Again Later in life (present time) I acquired my CPC 1100 HD and had Starsense figure out where it was (my experience with getting the other goto function from earlier kinda persuaded me to get it) and that was pretty cool and then I made it go M13 and I think that went beyond the wow factor into the realm of the... umhmm "Holy Smokes" <-- cleaned up version of what was said.


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#33 jrbarnett

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Posted 23 September 2017 - 07:48 PM

I can think of a few watershed observing moments.

 

In rough chronological order:

 

The Moon through my dad's 7x50 Tascos in the early 1960s.

 

The Pleiades through those same Tascos a few years later, when I could handle them better.

 

Saturn through my first telescope, a 60mm f/11 Jason-Empire achromat.

 

Seeing sunspot umbral and penumbral detail (using one of those ghastly screw in solar filters) in that same achromat.

 

First successful non-naked-eye Messier observation:  M6.  Again with the Jason.

 

First globular cluster observation M5 with that wonderful 5th magnitude field star, in the Jason.

 

First substantially resolved view of M13, in a 6" f/8 Newtonian.

 

First non-naked-eye, non-Messier, NGC observation, NGC 6543, with the 6" Newt.

 

First glimpse of Hubble's Variable Nebula and being delighted that visually it looked very much like plates of David Malin's plates of the object in the coffee table book Catalogue of the Universe.

 

First glimpse of Trapezium E and F in a 4" f/15 achromat.

 

Spotting 6 Plato craterlets in a 12" f/5 Dob.

 

Detecting structure in M13's companion galaxy NGC 6207 in my 16" f/5.1 Dob.

 

First view of Omega Centauri, in a TEC 140ED.  Same for Centaurus A.

 

To name just a few.

 

Best,

 

Jim


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#34 grif 678

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Posted 23 September 2017 - 07:50 PM

As exciting as it was for you to see Saturn for the first time, just imagine being a kid, not knowing one star from the other, looking through a very small reflector ( bought from a Western Auto store) , and it just happened that the first star I looked at was Saturn. Can you  imagine how excited I was, only having seen Saturn pictures in school books. That scope only cost about $15.00 at the most, had legs about 1 foot long. I had set the scope on the top of our pump house, where our water pump was. I had no idea that I would see something like that, and as I think about it, it seems iffy that that small scope ( I would say about a 2 1/2 inch mirror) would show the rings, but I also would say that my eyes were a lot better back then.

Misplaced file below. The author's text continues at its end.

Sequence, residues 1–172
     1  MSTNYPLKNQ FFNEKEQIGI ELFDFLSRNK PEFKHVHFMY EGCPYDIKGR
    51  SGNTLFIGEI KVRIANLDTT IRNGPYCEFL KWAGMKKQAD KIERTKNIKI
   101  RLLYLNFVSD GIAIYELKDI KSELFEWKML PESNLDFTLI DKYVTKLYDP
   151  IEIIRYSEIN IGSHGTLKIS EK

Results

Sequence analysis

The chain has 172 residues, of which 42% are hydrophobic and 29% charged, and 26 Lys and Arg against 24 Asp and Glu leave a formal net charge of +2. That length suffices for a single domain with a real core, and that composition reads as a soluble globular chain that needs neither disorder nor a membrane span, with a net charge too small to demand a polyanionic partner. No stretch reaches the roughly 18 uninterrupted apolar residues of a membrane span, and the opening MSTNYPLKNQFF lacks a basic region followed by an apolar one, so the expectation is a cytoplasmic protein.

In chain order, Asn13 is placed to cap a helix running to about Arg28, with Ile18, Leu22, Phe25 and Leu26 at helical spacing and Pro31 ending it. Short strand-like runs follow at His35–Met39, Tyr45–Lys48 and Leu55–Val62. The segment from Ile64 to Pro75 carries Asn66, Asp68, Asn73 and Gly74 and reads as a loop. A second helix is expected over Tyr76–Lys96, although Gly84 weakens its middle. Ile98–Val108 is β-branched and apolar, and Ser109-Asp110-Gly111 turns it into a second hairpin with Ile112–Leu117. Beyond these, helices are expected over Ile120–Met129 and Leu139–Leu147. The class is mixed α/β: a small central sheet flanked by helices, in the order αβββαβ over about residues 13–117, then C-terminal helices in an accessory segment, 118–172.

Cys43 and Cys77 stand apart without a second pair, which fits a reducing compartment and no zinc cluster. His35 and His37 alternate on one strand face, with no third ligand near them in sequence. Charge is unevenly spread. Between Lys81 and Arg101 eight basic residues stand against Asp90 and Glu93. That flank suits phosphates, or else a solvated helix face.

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#35 Tom Polakis

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Posted 23 September 2017 - 08:16 PM

The OP wrote "the one moment."  That's a tall order.  Note that he didn't write "first" anywhere, which makes it even more difficult.

 

When this subject comes up, I always find it hard to top seeing the impact scars from Comet Shoemaker-Levy 9 on Jupiter in 1994.  That's one event that I knew was once-in-a-lifetime when it was happening.  There hasn't been anything really in its league before or since then.  We all knew it was coming, but nearly all of the predictions were for something subtle.  It was anything but!

 

Tom


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#36 edwincjones

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Posted 24 September 2017 - 06:46 AM

hard to limit to just one, but one (if not the best) was

 

my first night under dark skies in New Zealand

and my complete disorientation at the upside down heavens.

 

once I became oriented-then the southern MW

 

edj


Edited by edwincjones, 24 September 2017 - 02:58 PM.

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#37 Lyuda

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Posted 24 September 2017 - 08:08 AM

It would be so hard to reply to every person so this message is to anyone who commented.

 

Thank you all for your lovely stories! Everyone has had a different experience, even if it was with the same object. My favorite stories are the "first telescope" ones. It's great hearing how a $15 telescope looking at everything unknown turns into a lifetime hobby full of amazing moments.

 

Great to hear from everyone laugh.gif


Edited by Lyuda, 24 September 2017 - 08:09 AM.

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#38 REC

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Posted 24 September 2017 - 10:07 AM

I've probably had more than my fair share of "wow" moments.  More or less in order from least to greatest "wow-factor" the following come to mind.

 

A Leonid "fireball shower".

 

Two total solar eclipses.

 

Observing (in real time) the impact scars on Jupiter from Comet Shoemaker-Levy-9 as they rotated onto the Earth-facing hemisphere of the planet.

 

The March 1989 all-sky auroral borealis . . . bright! . . . multiple colors! . . . multiple structures . . . moving shapes . . . extending from my north horizon to within just a few degrees of my south horizon! . . . observed from a pristine location.